Leighton Levy, Sunday Gleaner Writer
Earnings for some of the world's best athletes have been hit hard in recent times. Sunday Gleaner queries have revealed the troubling reality that the greater number of athletes - those competing primarily in Europe and not among the top 15 in the world - are making less than half of what they used to.
Track meets are said to be steadily disappearing and the dwindling number of meets and smaller budgets have seen promoters holding on tighter to their purse strings much to the detriment of the athletes.
The queries revealed that perhaps a decade ago, an athlete who was ranked outside the top 15 in the world could take home approximately US$60,000 a year, which made for comfortable living. Those same athletes are now earning in the region of between US$15-20,000 annually a drop of more than 60 per cent!
Athletes from Jamaica and the United States are said to be the hardest hit since they get no financial support from their respective federations. By comparison, in Europe a number of countries allocate subventions to their international athletes that allow them a comfortable lifestyle.
Decline in earnings
According to Paul Doyle, the agent for a number of Jamaican athletes including former world record holder Asafa Powell and Sherone Simpson, there are several factors that have contributed to the decline in earnings.
"It's plain and simple. Prize money hasn't decreased a whole lot but appearance fees have," he revealed. "If you are an athlete that is ranked say, number 15 in the world in the 100 metres, you're going to a Diamond League meet without getting a single dollar for an appearance fee. And if you're 15th in the world, you're lucky to finish fourth or fifth in a Diamond League race but you're likely to make a couple thousand dollars here and there. Before athletes used to get much bigger appearance fees and an athlete who is ranked 15th in the world could get three or four thousand dollars appearance fees at some of the smaller meets. That's really where the money has disappeared, not so much the prize money."
Doyle said also that a lot of meets are getting cancelled, and those that remain are struggling with smaller budgets.
Other persons close to the sport explained that because of those smaller budgets, athletes already being deprived of appearance fees are now earning between US$500 and US$3,000 to compete. An agent, who spoke on condition of anonymity, explained that as recently as in 2003-04, an elite athlete based in Italy, for example, could get between 15 and 18 races in a season. That number is down to about five or six, the agent revealed. The number of meets available in Spain is also down significantly as well as in Germany where there are perhaps four meets that have survived. As such if the meet promoters can attract a few big names, those athletes will get appearance fees, the others will not. "They won't pay those fees because they don't need to," the agent said. "The athletes need the meets more than the meet needs them, and once the promoter has his draws, they don't need to pay appearance fees to those other athletes."The global economic downturn has had a significant impact on the survival of these meets. The worldwide recession that hit in 2008 saw a lot of companies rein in their spending. Those that were investing in sports sponsorship were doing it more as a luxury, insiders argue, something that they could use to entertain their VIP clients so when the recession hit, those companies looked internally to see where they could save money and that resulted in their investments in track meets being cut dramatically.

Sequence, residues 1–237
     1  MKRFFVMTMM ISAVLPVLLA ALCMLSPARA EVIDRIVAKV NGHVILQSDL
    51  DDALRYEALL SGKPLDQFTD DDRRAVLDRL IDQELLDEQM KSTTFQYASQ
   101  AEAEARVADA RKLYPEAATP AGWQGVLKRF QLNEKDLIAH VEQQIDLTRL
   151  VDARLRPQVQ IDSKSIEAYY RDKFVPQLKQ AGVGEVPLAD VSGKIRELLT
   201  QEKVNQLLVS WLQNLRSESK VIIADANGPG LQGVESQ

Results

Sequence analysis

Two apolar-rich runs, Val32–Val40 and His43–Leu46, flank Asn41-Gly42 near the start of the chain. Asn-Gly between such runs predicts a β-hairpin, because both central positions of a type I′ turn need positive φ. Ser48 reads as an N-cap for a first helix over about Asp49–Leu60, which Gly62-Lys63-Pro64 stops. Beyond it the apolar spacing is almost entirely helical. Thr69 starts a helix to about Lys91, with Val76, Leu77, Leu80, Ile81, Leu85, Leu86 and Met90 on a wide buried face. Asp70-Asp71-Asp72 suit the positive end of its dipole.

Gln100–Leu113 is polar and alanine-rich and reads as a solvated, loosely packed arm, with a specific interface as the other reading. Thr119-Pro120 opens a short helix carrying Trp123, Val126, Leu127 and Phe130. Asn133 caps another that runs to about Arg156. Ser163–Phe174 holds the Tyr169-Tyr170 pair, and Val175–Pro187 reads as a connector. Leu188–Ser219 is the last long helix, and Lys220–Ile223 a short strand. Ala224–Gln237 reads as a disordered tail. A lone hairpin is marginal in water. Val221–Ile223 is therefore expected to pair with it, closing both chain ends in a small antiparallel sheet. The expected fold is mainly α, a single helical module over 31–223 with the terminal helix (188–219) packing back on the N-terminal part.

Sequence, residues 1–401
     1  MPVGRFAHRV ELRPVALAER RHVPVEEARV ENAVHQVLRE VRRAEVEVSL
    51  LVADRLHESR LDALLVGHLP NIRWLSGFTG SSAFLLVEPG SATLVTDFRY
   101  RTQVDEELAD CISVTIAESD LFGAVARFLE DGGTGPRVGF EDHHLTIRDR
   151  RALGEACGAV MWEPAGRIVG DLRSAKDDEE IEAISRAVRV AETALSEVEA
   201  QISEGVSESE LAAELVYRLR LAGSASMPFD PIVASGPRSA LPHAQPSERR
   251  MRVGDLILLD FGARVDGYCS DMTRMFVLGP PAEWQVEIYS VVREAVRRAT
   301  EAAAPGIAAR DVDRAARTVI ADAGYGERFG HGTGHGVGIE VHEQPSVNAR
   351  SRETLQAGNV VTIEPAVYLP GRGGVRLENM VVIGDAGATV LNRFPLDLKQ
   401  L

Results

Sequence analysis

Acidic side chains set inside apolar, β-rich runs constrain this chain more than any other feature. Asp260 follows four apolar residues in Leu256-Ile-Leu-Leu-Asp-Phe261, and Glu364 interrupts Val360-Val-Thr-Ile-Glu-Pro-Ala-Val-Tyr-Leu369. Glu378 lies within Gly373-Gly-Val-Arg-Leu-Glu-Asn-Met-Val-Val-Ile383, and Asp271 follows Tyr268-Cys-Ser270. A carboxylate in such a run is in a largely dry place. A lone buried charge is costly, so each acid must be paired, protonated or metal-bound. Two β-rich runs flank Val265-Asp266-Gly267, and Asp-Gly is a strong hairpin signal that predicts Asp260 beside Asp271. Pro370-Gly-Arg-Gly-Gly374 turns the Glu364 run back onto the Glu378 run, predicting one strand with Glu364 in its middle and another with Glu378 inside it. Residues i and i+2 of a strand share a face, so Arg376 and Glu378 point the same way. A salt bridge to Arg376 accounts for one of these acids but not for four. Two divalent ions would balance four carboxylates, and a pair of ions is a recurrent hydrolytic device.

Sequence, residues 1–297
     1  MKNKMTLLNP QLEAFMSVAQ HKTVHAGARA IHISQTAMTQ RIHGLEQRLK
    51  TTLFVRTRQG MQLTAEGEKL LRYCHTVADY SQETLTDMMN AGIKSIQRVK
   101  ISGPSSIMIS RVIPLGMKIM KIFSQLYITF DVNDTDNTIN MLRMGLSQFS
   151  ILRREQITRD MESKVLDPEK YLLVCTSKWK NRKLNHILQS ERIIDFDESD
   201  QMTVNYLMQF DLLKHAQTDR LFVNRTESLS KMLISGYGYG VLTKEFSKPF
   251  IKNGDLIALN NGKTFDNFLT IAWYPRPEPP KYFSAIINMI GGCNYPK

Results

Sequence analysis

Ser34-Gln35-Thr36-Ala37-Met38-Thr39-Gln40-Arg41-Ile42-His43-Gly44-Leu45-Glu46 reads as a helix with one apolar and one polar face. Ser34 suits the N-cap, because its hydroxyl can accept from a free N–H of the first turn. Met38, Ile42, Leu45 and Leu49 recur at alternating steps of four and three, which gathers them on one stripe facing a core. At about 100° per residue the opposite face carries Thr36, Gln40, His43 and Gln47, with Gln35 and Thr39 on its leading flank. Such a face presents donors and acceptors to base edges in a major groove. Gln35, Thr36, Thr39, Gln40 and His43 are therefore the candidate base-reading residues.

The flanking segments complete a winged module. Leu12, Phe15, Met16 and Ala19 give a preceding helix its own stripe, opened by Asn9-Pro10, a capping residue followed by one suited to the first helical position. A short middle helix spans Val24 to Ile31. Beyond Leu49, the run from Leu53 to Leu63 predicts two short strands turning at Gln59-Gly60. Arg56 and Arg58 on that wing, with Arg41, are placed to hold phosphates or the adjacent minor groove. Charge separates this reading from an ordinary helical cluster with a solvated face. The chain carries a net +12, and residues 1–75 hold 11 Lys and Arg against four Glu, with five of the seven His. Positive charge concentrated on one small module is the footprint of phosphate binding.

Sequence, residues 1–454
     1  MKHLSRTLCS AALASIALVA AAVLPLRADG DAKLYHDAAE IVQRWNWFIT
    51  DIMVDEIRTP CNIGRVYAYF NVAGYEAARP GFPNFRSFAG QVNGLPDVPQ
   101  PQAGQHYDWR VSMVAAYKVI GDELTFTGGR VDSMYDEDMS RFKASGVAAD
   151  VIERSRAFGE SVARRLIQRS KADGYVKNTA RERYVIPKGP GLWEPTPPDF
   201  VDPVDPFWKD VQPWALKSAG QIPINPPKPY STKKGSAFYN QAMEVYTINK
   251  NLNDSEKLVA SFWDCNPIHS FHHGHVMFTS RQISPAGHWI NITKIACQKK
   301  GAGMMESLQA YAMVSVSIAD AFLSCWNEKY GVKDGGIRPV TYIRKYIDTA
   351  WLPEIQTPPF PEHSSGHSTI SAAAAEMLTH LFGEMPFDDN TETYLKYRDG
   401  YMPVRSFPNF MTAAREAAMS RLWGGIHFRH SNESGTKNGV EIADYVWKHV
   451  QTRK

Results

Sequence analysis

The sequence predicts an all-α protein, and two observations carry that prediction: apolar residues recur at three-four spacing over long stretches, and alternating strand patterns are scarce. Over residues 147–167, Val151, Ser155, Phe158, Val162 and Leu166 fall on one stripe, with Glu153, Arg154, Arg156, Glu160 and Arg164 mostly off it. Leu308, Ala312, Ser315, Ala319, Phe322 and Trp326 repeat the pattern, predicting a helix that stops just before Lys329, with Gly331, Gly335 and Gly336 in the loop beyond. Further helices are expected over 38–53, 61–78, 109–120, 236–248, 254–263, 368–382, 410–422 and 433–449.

What is also significant is perception that the sport is not being properly promoted. Recently, 400-metre record holder and four-time Olympic champion, Michael Johnson, lamented the reluctance of the International Association of Athletics Federations (IAAF) to work more closely with Jamaica and Usain Bolt to promote the sport. Bolt, in Johnson's eyes, is almost single-handedly carrying the sport on his broad shoulders. "You can't say anything against Usain Bolt in athletics. He is athletics but the IAAF doesn't work with him to promote the sport. Knowing him as I do, if they approached him and asked him to work with them to promote athletics - not promote Usain Bolt - I am sure he would be all for it. The IAAF is just riding it at the moment," Johnson said at the recent Doha Goals Forum.
Detractors also argue that drug scandals are a big part of why track and field is struggling but Doyle, who is launching the American Track League in May 2014, doesn't necessarily agree.
"A big part of the problem is that the sport hasn't evolved," said the agent who plans to bring a different approach to how the sport is presented to fans. "I know a lot of people mention that the sport has a drug problem; our drug problem isn't worse than any other sport. Of course, we scrutinise our athletes a lot more with the testing and making it public but at the same time it's not much different than any other sport. I think it's an excuse for why things aren't going well. What we really need to do is look at the presentation of the sport and put out a better product for fans to get on board for."
In the meantime, the athletes continue to struggle. Checks revealed that on many occasions these days, the athletes play a waiting game, especially while in Europe trying to get into meets while spending up to €120 a day for room and food, which eats into their already significantly diminished earnings.
All is not lost, however, as the
number of meets in the United States is growing and with Doyle's
American Track League set to kick off next year, it is hoped that the
fortunes of those athletes not ranked within the top 15 will start to
earn a decent wage once more. Doyle says that it's his intention to see
every dollar that is raised from sponsors end up in the pockets of the